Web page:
It takes a lot of study to draw buildings accurately, since it is so easy to detect flaws in proportion when rendering a building, compared to the amorphousness of landscapes. This sketch took three hours, compared to the last one, a landscape, which took 45 minutes.

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Seaside Sketching

It is as fine a place to sit as I can think of, to be on a high bluff overlooking the Juan de Fuca Strait with my plein air kit at hand. I have revised the kit with one major change – I removed the head from my tripod and now I screw the pochade box directly to the top of the vertical post of the tripod. I can level it with the legs and it’s much steadier than on the three way tilting head made for a camera. That piece was unnecessary for my purpose, and I saved another pound or two of useless weight. I also set up an umbrella on a walking stick, which shaded the canvas. This is also a major help, as staring at a bright white surface in full sunlight is bad for the eyes and also makes it difficult to judge colour and tone. I had 45 minutes yesterday to do this sketch, but sometimes faster is better. Had I worked it more it probably would have only gotten worse! Sketches are supposed to be rough and fresh anyhow. I may do a large painting of this scene using a photograph I took, as it was exceptionally beautiful there.

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The Inner Harbour

A harbour is a body of water deep enough for ships and sheltered from the open sea. Many of the world’s cities have harbours, or should we say the reverse – many of the world’s harbours have given rise to cities. Thus it has been everywhere I have lived. Victoria Harbour is one of two that happened to be created side by side here at the south end of Vancouver Island; the other being Esquimalt, which is used for a naval base. The most interesting things happen in the Inner Harbour however. That body of water is presided over by the Parliament Buildings of the Province of British Columbia, the Empress Hotel, the old CP Steamship Terminal, and various other buildings of note. It is also an international airport, with seaplanes coming and going constantly.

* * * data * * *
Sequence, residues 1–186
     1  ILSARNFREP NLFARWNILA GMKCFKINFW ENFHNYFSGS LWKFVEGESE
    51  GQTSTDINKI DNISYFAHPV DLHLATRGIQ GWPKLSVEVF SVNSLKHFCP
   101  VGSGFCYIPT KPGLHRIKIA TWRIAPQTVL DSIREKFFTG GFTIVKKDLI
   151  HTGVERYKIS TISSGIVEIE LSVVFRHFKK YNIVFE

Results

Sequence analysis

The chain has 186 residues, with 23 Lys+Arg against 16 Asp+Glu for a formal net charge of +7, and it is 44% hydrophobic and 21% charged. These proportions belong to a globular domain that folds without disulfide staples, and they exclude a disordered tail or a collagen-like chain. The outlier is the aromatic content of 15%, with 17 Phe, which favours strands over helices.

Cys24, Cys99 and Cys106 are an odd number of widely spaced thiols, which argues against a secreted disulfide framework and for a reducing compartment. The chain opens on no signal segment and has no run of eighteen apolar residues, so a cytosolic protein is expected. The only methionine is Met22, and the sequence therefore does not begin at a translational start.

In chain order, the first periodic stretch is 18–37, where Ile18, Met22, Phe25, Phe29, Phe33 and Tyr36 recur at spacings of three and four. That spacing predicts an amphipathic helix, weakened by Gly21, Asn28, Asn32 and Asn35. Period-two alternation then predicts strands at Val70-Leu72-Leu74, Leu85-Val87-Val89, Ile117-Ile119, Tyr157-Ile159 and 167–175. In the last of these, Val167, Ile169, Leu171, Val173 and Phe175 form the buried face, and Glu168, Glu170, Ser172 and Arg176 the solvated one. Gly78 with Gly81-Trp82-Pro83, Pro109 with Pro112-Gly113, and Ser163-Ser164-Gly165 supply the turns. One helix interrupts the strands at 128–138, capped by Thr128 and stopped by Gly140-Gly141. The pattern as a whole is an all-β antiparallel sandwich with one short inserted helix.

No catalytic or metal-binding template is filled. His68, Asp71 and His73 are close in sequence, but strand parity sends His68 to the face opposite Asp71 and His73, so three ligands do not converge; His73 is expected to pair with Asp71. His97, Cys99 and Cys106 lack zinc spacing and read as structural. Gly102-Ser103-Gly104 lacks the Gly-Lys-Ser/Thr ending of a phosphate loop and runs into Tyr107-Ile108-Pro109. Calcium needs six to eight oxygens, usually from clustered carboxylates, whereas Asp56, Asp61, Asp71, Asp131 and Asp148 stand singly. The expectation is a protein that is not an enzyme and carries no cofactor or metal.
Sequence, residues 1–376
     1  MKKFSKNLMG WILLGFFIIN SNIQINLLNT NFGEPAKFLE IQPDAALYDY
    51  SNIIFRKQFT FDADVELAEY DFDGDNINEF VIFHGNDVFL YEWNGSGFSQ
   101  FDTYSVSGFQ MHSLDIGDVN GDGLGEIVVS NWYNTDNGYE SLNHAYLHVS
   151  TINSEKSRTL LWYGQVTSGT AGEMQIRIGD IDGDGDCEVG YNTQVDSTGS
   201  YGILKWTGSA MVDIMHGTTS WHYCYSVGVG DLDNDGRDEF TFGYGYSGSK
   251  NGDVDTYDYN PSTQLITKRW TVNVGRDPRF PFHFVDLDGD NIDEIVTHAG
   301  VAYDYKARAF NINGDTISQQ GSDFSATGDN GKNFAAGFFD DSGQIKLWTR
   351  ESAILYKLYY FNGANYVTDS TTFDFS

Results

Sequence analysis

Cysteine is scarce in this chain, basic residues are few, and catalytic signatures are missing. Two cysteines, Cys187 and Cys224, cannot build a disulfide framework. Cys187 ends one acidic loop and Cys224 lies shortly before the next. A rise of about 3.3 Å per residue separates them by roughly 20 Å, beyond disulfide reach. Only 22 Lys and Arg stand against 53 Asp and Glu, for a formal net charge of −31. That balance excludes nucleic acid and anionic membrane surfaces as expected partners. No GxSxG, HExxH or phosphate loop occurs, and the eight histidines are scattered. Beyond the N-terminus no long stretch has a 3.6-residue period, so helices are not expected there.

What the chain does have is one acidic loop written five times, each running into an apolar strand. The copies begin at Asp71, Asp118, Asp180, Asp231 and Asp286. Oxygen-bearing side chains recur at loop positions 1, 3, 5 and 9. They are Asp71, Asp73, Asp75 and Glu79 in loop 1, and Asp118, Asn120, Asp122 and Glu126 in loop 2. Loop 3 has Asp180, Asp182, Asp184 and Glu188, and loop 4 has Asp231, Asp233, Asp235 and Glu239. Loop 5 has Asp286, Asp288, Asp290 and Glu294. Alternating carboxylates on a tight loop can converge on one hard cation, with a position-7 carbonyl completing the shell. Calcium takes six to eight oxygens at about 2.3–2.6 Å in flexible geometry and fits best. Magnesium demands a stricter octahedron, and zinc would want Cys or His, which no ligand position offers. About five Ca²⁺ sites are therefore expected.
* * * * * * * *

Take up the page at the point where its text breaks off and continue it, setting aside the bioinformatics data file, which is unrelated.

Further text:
My favourite sight is the coming and going of the Coho Ferry however, which I happen to have watched so many times I couldn’t count. At one time it was a ritual of morning break to grab a cup of java from the office machine and walk a block to a viewpoint where we could see the ferry leave at 10.30. There was a blast of the air horn and then she’d ease away from the dock and  back slowly across the harbour before pivoting and heading out to sea, destination Port Angeles, Washington. This ship has been doing that trip daily for over 50 years, and it’s still going strong. A few years back they put in new engines and she still runs like a charm, a simple boat with no fancy shops or lounges, and the same old hamburgers and hotdogs wrapped in foil like at a ball game. Last week a fellow came over on foot to buy 2 typewriters from me, via Coho. When the ship gets underway they play a recording of Bing Crosby singing about the Blackball Ferry Line, the owner of the ship. They’re down to this single ship now but once they were a major ferry line around Puget Sound.

My plein air of the weekend was painted on the side of the inner harbour to which the Coho backs up before departing. It looked far away when I began sketching and fortunately I knew it was about to leave so I painted the ship in first. When it backed up it came practically right up to my nose, whereupon it was several thousand times larger than it had been when I began, figuratively speaking. I didn’t even watch it go, as I was too engrossed. Subconsciously I figured it would be here later and tomorrow and probably forever, but one day it won’t be – so at least I have one more sketch of it.

1-vic harbour scene apr 14 18150